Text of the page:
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Nicole Fortin is on the cusp of realizing a long-held dream when her life takes a sudden turn. Instead of participating in the Olympic Games, she finds herself struggling to master the challenging physical demands of her job in an aerospace plant and win the confidence of her male colleagues.
As her involvement in union activity deepens, she is drawn into the centre of a bitter labour battle that pits her workmates against their employer.
In the midst of this escalating confrontation, incidents from Nicole’s past threaten to destroy her credibility with her coworkers and her relationship with her daughter. Workplace and family ties become tangled and stretched to the breaking point.
Maker is working-class literature in the tradition of Theodore Dreiser, John Dos Passos and from Baraka Books Mick Lowe and The Nickel Range Trilogy.
Jim Upton worked for twenty-five years in unionized jobs at an aerospace plant. During this time, he participated in several sets of contract negotiations as a union activist, including one as a member of the union negotiating committee. He lives in Montreal. Maker is his first novel.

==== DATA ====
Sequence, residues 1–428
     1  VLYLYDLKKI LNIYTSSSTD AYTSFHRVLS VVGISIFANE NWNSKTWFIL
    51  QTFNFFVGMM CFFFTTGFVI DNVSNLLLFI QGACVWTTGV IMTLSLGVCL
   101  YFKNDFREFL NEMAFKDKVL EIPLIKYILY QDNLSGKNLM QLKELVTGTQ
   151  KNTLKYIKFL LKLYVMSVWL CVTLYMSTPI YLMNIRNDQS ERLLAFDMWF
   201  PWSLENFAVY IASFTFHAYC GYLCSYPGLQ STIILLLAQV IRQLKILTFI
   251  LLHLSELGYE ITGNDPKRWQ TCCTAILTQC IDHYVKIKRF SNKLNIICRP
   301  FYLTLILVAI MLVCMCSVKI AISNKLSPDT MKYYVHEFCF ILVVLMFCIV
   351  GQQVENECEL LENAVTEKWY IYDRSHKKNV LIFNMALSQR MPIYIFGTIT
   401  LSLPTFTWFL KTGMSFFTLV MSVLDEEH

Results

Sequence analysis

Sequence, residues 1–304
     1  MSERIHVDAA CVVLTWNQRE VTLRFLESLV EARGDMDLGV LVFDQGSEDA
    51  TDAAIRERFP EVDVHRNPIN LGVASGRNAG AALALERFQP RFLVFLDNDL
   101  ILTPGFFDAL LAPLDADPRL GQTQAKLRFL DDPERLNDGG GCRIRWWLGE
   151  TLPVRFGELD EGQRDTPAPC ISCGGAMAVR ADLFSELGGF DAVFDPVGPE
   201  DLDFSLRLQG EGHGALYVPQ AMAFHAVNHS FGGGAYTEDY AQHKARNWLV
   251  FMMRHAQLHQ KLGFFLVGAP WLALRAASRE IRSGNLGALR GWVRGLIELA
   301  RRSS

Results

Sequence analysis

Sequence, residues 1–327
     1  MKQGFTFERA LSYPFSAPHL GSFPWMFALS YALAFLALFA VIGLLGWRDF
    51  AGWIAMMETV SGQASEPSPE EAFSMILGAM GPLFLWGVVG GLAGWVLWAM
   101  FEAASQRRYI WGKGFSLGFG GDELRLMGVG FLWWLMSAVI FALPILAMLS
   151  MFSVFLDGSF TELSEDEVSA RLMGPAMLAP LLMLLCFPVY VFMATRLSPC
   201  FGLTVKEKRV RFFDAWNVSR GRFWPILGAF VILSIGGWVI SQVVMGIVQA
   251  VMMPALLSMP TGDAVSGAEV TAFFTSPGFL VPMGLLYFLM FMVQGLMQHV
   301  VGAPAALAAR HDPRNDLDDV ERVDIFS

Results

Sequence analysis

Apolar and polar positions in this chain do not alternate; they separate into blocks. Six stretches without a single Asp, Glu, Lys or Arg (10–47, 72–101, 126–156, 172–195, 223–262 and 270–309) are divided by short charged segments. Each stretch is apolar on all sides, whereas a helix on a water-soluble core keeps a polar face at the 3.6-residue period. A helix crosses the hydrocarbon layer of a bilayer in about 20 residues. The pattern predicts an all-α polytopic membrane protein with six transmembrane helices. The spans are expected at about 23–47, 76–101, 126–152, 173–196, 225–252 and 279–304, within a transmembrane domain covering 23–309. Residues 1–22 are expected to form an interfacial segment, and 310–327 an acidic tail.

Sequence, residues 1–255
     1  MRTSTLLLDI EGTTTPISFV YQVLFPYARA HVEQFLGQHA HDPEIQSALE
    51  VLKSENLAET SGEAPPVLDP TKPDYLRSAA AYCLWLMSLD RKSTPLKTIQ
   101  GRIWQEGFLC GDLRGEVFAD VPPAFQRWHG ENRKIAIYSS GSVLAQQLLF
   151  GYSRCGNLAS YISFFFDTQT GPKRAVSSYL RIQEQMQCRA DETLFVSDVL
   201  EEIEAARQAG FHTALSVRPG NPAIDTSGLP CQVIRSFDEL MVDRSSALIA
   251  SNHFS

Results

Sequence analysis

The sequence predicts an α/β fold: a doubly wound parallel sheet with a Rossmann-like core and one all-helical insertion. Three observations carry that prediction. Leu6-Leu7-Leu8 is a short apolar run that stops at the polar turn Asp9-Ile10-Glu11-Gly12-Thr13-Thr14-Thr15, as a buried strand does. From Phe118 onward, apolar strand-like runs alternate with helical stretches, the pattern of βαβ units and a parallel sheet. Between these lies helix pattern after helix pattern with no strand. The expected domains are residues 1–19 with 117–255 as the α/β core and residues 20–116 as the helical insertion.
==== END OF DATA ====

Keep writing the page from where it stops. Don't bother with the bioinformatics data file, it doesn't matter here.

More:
“There are precious few Canadian novels about workers and work, and fewer still about industrial work in particular. Fictional accounts of strikes, viewed from the inside, are yet harder to find. In Maker, Jim Upton has crafted a fast-paced portrait of a woman who rises to lead her union through a hard-fought battle against a multinational determined to increase its profits on the backs of Quebec workers.” Elise Moser, author of What Milly Did: the Remarkable Pioneer of Plastics Recycling
“Maker is the inside story of life in the skilled trades from the point of view of a real person. It’s not the story of the company as told in the business section. It’s about the struggle for fairness by flesh and blood unionized people who work on the shop floor.” Anne Lagacé Dowson
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